March 2, 2024


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Halo's Black History Month armor shaders are unintentionally funny

Halo's Black History Month armor shaders are unintentionally funny

Black History Month is that special time when video game companies try to show consumers how inclusive they are with special Black/African-themed in-game cosmetics and messages of appreciation for the three or four Black employees they keep on staff at any given time.

in auraAs for, it offers players a special set of armor shading in colors and patterns commonly associated with African art and culture. As a concept, these shaders are quite good. Individual players can use cosmetics to spruce up their armor; Great, I dig it. But the way 343 puts all these individual pieces together, like the ridiculous Voltron of Blackness, is darkly funny in a way I don't think the company intended.

More often than not, video game companies' attempts to attract black consumers range from futile to benign. Other times, like what 343 did here, I find myself confused.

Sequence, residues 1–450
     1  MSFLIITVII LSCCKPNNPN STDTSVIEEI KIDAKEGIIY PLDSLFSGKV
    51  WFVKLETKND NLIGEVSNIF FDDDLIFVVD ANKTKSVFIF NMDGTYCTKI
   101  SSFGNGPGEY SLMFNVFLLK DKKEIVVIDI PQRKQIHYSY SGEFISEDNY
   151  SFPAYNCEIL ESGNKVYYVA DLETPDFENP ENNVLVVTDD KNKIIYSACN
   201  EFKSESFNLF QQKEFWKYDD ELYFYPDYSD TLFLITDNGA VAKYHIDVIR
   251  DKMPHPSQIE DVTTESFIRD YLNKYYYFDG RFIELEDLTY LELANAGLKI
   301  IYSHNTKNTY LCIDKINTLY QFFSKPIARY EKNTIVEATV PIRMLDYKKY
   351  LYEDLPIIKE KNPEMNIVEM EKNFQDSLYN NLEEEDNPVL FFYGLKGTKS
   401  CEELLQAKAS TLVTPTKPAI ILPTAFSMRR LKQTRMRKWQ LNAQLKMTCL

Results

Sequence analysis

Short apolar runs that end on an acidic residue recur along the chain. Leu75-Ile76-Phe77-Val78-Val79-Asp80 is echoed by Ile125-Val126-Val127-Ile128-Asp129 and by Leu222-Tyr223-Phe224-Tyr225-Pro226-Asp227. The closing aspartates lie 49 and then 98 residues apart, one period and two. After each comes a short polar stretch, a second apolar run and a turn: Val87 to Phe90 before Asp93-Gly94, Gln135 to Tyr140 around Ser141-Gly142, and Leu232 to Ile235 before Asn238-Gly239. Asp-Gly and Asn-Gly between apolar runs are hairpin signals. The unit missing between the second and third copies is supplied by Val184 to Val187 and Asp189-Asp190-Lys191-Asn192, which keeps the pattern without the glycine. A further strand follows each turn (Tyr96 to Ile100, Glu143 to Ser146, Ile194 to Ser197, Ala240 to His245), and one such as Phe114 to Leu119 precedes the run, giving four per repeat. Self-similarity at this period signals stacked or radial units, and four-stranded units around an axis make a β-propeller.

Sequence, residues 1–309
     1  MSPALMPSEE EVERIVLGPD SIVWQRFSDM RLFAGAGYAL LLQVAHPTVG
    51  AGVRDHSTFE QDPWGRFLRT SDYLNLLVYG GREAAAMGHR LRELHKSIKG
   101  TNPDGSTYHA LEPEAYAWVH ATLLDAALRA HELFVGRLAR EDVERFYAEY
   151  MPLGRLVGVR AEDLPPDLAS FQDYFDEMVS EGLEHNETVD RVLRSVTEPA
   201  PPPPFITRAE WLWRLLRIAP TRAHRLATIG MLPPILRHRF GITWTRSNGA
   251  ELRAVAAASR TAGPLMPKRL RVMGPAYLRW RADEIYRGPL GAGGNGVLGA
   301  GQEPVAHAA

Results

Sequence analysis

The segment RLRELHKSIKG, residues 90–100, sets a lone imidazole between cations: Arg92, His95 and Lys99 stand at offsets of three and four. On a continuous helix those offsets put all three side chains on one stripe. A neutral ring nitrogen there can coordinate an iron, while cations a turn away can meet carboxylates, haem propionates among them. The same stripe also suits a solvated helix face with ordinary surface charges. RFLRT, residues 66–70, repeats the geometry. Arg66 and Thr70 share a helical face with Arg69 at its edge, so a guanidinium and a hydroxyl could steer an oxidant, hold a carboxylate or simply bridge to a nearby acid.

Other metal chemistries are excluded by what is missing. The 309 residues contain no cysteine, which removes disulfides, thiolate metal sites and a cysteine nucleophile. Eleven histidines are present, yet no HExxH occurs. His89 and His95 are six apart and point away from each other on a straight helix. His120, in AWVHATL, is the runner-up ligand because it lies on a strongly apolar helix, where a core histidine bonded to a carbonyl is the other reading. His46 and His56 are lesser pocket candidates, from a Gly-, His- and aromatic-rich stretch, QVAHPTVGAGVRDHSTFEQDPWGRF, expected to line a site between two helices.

Infographic: Game Developers Conference

Worse still, the majority of those surveyed who had 20 or more years of experience in the industry—the kind of people who have the seniority to approve marketing materials like this—only 6 percent were Black men and none were Black women.

But looking at this hurts me. Reminds me of that episode in Boys The third season is when A-Train, the only black member of The Seven – a film about The Avengers – gets a new African-themed super suit in order to gain the approval of blacks and thus increase his popularity and the bottom line of his handlers.

The company needs you to find the difference between these two pictures.
Image: Amazon and Image: 343 Industries

Unlike in BoysThere is no malice in what 343 did here. I wonder if the shaders, separately, were considered appropriate, and someone in the art department pulled them together to show them all at once, resulting in what we see here. Or maybe black people who might have approved of this look thought it was good. It happens every now and then: black people will make artwork for other black people that misses the mark – just look the Reviews to American Negro Magical Society. Hell, this could all be an elaborate prank – A auraAn -ified version of the popular meme format on Black Twitter is where we put it Kufi on everyone from vision to ed of Ed, Ed and Eddy. No matter the how or why, I definitely laughed.

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